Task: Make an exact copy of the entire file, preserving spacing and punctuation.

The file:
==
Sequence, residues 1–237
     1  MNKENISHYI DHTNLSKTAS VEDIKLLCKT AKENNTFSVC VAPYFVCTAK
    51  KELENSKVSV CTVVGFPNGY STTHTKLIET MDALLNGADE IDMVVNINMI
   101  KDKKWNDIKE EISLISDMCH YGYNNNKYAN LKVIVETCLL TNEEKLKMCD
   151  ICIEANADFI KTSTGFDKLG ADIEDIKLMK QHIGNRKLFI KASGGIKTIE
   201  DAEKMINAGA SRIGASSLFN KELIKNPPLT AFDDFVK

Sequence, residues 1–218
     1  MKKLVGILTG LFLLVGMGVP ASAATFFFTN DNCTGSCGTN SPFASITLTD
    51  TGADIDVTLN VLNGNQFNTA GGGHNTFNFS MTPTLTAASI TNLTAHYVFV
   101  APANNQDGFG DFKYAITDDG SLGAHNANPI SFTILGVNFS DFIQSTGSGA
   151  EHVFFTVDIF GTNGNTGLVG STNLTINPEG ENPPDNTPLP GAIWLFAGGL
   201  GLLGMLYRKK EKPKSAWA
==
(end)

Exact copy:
Sequence, residues 1–237
     1  MNKENISHYI DHTNLSKTAS VEDIKLLCKT AKENNTFSVC VAPYFVCTAK
    51  KELENSKVSV CTVVGFPNGY STTHTKLIET MDALLNGADE IDMVVNINMI
   101  KDKKWNDIKE EISLISDMCH YGYNNNKYAN LKVIVETCLL TNEEKLKMCD
   151  ICIEANADFI KTSTGFDKLG ADIEDIKLMK QHIGNRKLFI KASGGIKTIE
   201  DAEKMINAGA SRIGASSLFN KELIKNPPLT AFDDFVK

Sequence, residues 1–218
     1  MKKLVGILTG LFLLVGMGVP ASAATFFFTN DNCTGSCGTN SPFASITLTD
    51  TGADIDVTLN VLNGNQFNTA GGGHNTFNFS MTPTLTAASI TNLTAHYVFV
   101  APANNQDGFG DFKYAITDDG SLGAHNANPI SFTILGVNFS DFIQSTGSGA
   151  EHVFFTVDIF GTNGNTGLVG STNLTINPEG ENPPDNTPLP GAIWLFAGGL
   201  GLLGMLYRKK EKPKSAWA